PINK1 and Parkin (PRKN), two genes linked to Parkinson's disease, have been strongly linked to the selective degradation of mitochondria (mitophagy). However, much of our current understanding comes from in vitro studies, and we still have a poor understanding of this process in a physiological context in vivo . PINK1 phosphorylates ubiquitin (pS65-Ub) on mitochondria to trigger mitophagy. We have recently developed protocols to detect PINK1 activity and monitor mitophagy under physiological conditions in vivo in Drosophila . With these quantitative mass spectrometry and immunodetection methods, we can now deeply analyse the spatiotemporal activation of the pathway in vivo by monitoring the level and localisation of pS65-Ub.
This project will investigate the mechanisms of Pink1 activation in Drosophila, in particular analysing the tissue specific distribution of pS65-Ub and mechanisms of degradation. Using state-of-the-art super-resolution microscopy, the project will also probe the sub-cellular distribution of pS65-Ub, addressing whether it may associate with sub-mitochondrial compartments in vivo. Importantly, we will also investigate the physiological mechanisms of stimuli. We are also interested in understanding the role that mitochondrial calcium plays in quality control processes , and this project would provide an opportunity to collaborate on these investigations. This project will shed new light on important mechanisms of mitochondrial quality control and potentially identify new targets for therapeutic interventions.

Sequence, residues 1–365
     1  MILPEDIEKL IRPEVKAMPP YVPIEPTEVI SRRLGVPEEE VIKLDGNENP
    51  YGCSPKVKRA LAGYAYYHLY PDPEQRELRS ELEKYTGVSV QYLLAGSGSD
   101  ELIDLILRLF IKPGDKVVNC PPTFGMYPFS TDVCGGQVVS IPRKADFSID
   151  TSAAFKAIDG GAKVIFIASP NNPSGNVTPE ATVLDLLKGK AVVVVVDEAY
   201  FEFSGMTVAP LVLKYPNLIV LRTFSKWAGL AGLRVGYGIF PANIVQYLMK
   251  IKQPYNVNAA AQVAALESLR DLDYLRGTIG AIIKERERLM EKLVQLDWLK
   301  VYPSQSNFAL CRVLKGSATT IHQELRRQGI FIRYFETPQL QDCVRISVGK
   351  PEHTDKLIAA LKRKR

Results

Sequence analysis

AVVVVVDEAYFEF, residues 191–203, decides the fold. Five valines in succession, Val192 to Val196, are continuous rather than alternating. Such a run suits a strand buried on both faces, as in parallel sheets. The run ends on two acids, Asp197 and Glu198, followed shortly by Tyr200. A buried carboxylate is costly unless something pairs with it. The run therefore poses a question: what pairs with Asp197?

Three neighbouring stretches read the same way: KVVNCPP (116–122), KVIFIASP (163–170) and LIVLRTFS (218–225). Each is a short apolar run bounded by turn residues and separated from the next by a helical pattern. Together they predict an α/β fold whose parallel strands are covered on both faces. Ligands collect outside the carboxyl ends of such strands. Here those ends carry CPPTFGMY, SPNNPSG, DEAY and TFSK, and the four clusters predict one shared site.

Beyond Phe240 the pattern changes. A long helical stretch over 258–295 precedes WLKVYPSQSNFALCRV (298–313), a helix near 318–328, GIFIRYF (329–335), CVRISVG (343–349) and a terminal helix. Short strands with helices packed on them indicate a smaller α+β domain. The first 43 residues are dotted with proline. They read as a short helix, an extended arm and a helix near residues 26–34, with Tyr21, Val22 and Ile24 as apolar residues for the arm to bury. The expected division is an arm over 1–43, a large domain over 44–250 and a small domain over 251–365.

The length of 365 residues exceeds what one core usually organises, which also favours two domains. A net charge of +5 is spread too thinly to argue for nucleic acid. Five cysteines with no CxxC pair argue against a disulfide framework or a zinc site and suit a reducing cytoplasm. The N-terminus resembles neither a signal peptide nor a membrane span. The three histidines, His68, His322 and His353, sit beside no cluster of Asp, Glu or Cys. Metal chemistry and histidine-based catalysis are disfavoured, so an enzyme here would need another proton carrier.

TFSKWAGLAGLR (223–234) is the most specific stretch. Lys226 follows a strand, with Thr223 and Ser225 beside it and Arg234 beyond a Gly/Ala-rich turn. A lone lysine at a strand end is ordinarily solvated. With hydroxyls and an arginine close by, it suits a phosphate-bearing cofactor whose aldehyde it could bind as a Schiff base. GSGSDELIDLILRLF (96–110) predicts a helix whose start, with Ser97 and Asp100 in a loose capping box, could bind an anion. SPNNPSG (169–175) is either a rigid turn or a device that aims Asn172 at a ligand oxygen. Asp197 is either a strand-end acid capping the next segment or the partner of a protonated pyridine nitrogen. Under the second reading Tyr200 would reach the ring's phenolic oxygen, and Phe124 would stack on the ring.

General: Mitochondria, Neurodegeneration, Mitophagy
More specific: PINK1, quality control, mass spectrometry, super-resolution microscopy, calcium, Drosophila
Research Group: https://www.mrc-mbu.cam.ac.uk/research-groups/whitworth-group